Diplomats Battle It Out in Runoff for Cyprus' Presidency

NICOSIA, Cyprus (AP) -- Polls opened Sunday in a runoff to elect ethnically split Cyprus' new president, pitting a former foreign minister who campaigned as a unifier eschewing ideological and party divisions against a popular veteran diplomat.

Some 561,000 citizens are eligible to vote, and both Nikos Christoulides, the ex-foreign minister, and Andreas Mavroyiannis are hoping for a higher turnout than the 72% who cast ballots in the first round a week ago.

Turnout through the first half of voting stood at 35.4%, nearly 2 points more than last week.

Christodoulides, 49, garnered 32% of the vote in the first round, while Mavroyiannis, 66, clinched second place with a surprisingly strong 29.6.%

Key to who will emerge the ultimate winner will be which way voters of the country's largest center-right Democratic Rally (DISY) party will swing after their leader, Averof Nephytou, failed to make it into the runoff.

The DISY leadership decided not to formally back either candidate and left it to members to vote as they saw fit.

The party appeared divided over the two candidates, with some calling Christodoulides a traitor for turning his back on his DISY roots and others openly wary of Mavroyiannis' main backer, the communist-rooted AKEL party which has been faulted for having brought Cyprus to the brink of bankruptcy a decade ago.

The intense strife within the party prompted outgoing President and former DISY leader Nicos Anastasiades to call for the bickering to stop. But he also hinted to party members that they should thwart an AKEL-backed government, urging them to safeguard the island's Western orientation and its deepening alliance with the U.S and maintain fiscal discipline to effectively deal with an influx of irregular migrants that have made Cyprus as one of the leading per capita European Union member countries in terms of asylum applications.

Mavroyiannis has fended off suggestions that he would shape economic policies according to the directives of AKEL.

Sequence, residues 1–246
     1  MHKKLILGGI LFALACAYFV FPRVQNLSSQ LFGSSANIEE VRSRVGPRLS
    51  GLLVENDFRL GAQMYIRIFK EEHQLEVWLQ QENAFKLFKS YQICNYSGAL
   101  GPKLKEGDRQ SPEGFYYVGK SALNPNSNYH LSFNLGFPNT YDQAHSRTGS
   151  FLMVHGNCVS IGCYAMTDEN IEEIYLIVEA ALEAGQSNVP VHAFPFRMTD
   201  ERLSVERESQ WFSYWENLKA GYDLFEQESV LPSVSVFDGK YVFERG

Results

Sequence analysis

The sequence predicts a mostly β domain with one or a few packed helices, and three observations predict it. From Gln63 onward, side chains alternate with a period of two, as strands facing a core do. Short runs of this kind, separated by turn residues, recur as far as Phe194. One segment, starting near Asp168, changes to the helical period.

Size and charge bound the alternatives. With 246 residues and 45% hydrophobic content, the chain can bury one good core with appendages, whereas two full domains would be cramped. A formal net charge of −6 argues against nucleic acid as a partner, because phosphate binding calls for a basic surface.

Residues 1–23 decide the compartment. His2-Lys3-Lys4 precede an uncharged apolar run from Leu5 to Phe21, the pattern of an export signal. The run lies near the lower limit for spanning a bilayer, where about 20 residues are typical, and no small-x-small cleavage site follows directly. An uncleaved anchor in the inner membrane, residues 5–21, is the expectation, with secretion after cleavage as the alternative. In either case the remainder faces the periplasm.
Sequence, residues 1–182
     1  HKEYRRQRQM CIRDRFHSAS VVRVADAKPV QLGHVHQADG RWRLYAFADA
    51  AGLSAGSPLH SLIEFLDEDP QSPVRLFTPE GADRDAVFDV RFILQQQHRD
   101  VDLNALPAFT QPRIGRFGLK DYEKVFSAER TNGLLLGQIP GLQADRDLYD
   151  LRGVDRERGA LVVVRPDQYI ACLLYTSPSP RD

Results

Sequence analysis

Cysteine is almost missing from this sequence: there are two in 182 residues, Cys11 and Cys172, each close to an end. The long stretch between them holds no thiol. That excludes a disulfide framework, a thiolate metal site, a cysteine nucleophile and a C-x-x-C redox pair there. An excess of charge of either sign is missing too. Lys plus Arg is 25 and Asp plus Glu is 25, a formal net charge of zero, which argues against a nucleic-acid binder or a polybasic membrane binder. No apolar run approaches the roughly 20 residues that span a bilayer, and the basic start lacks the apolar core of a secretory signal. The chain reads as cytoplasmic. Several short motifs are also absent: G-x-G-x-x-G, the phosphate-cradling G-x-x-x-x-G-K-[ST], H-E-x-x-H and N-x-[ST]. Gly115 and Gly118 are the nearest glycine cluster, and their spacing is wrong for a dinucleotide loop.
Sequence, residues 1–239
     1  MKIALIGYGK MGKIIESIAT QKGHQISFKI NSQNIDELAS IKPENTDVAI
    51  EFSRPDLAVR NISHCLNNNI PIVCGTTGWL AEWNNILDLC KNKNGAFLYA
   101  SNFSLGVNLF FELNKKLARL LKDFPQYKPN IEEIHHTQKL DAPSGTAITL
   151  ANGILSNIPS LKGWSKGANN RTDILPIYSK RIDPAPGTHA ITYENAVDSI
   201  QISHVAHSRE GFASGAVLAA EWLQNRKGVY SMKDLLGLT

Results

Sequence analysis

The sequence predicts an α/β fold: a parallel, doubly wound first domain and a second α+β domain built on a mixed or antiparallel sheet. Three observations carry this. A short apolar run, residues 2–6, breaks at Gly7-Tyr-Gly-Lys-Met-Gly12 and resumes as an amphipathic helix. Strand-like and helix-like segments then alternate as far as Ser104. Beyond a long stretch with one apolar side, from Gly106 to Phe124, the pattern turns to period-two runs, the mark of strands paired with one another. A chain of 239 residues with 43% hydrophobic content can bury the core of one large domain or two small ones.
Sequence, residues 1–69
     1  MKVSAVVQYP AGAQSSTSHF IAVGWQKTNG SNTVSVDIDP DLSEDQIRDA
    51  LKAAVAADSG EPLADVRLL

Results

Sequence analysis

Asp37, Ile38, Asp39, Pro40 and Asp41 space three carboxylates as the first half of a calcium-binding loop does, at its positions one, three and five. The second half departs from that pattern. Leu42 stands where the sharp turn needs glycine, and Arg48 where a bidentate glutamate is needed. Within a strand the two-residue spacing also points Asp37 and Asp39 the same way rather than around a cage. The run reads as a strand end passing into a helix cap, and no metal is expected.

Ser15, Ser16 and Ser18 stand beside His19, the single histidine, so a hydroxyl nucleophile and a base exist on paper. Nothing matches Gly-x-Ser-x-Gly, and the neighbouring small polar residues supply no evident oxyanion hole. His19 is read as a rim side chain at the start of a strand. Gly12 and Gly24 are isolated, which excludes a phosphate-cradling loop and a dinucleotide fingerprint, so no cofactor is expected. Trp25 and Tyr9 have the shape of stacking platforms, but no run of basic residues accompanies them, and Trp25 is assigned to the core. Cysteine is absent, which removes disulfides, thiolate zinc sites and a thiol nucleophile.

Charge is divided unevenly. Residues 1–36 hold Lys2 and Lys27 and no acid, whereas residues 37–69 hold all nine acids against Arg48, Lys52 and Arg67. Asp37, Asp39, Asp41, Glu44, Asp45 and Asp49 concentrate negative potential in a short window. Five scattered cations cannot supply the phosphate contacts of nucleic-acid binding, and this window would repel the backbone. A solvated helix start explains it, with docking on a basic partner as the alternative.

Casting his ballot, Christodoulides again underscored his message of unity as a prerequisite to meeting future challenges.

"The key objective is for us to successfully respond to the Cypriot people's expectations, irrespective of party allegiances, ideological beliefs, whether they are unaligned or new voters."

Mavroyiannis sounded a note of confidence after casting his ballot.

"I think we're doing very well, all the indications are that we'll be the winners and so will Cyprus," he said.

The new president will face the tough challenge of trying to revive stalemated peace talks with breakaway Turkish Cypriots, who declared independence nearly a decade after a 1974 Turkish invasion that followed a coup aiming at union with Greece.

Both Christodoulides and Mavroyiannis were key insiders during the last failed peace drive at a Swiss resort in 2017 as close confidants of Anastasiades. Both have pointed to Turkey's insistence on maintaining a permanent troop presence and military intervention rights in a reunified Cyprus as the main reason for the unravelling of negotiations.

Christodoulides has said he draws the line at those two Turkish demands, while Mavroyiannis has softened his stance to woo leftist voters who believe more could have been done to reach a deal in Switzerland.